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ACM Gordon Bell Prize
The ACM Gordon Bell Prize is awarded each year to recognize outstanding achievement in high-performance computing. The purpose of the award is to track the progress over time of parallel computing, with particular emphasis on rewarding innovation in applying high-performance computing to applications in science, engineering, and large-scale data analytics. Prizes may be awarded for peak performance or special achievements in scalability and time-to-solution on important science and engineering problems. Financial support of the $10,000 award is provided by Gordon Bell, a pioneer in high-performance and parallel computing.
Individuals or teams may apply for the award by submitting a technical paper. Finalists present their work at the annual SC conference, and their submissions are included in the conference proceedings.
The award committee is selected by ACM and includes past winners as well as leaders in the field.
Submitted papers must follow a specific structure intended to elucidate what the innovations were, the performance levels achieved on one or more real-world applications, and what the implications of the approach for the broader HPC community. The prize winner is not selected simply on raw performance numbers. Rather, the Prize Committee seeks:
- evidence of important algorithmic and/or implementation innovations
- clear improvement over the previous state-of-the-art
- solutions that don’t depend on one-of-a-kind architectures (systems that can only be used to address a narrow range of problems, or that can’t be replicated by others)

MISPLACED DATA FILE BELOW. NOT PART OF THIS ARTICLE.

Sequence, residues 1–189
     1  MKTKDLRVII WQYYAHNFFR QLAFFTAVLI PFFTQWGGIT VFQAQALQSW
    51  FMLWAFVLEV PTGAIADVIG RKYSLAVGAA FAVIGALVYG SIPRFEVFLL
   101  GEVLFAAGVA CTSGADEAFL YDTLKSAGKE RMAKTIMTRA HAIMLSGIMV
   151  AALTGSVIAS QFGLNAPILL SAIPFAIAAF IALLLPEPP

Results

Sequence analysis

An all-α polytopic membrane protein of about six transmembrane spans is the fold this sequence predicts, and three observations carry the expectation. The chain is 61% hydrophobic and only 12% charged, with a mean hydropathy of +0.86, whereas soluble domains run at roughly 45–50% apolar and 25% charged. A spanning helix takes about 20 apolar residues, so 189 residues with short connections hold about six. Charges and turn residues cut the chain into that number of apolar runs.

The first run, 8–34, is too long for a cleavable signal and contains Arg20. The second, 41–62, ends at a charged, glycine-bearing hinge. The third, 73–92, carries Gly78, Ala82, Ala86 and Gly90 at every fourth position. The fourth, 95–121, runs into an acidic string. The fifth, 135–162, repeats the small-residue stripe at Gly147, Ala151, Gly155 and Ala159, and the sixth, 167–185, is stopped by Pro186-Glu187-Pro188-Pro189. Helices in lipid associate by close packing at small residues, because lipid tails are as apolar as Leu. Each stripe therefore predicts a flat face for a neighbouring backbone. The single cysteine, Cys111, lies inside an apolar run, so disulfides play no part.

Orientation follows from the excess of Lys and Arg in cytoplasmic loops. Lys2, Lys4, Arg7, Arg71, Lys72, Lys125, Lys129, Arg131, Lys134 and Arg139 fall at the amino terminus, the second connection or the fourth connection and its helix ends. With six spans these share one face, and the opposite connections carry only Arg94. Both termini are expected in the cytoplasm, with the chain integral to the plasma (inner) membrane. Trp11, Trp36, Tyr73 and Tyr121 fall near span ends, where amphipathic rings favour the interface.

- performance measurements that have been characterized in terms of scalability (strong as well as weak scaling), time to solution, efficiency (in using bottleneck resources, such as memory size or bandwidth, communications bandwidth, I/O), and/or peak performance
- achievements that are generalizable, in the sense that other people can learn and benefit from the innovations
Solving an important scientific or engineering problem is important to demonstrate/justify the work, but scientific outcomes alone are not sufficient for this prize.
Finalists are chosen on the basis of performance measurements already achieved when the paper is submitted (not what the team hopes to achieve in the future). Finalists are given an opportunity to submit revised results in October, before the winning entry is selected. The authors should be prepared to present a proof of repeatability as well as detailed scientific/engineering/analytic results, if asked.
ACM Gordon Bell Prize submissions are technical papers that provide the information necessary for judging and comparison, but in a format suited for inclusion in the SC conference proceedings. Papers that do not conform to this format will not be considered for the ACM Gordon Bell Prize. (Page limits refer to typical technical paper page standards: 11+ pt font, single spaced text, fitting within 7.5” x 10” text area)
- category submitting for (1+ of: scalability, time-to-solution, peak performance)
- overview of the problem and its importance (1 p max)
- quantitative discussion of current state of the art (1 p max)
- what the innovations are and how they were achieved (2 pp max)
- what application(s) was used to measure performance (1 p max)
- system and environment where performance was measured (1 p max)
- performance results, including scalability (weak and strong), time to solution, efficiency (of bottleneck resources), and peak performance (2 pp max)
- implications for future systems and applications (1 p max)
- references (no page limit)
Important SC13 Information:
Web Submissions Open: February 15, 2013
Submission Deadline: May 3, 2013
Conditional Notification: July 1, 2013
Conference Dates: November 17-22, 2013
ACM Gordon Bell Prize Chair: David H. Bailey, Lawrence Berkeley National Lab and U.C. Davis
ACM Gordon Bell Prize Committee: The committee list is available online at http://util.acm.org/boards/listing.cfm?id=160
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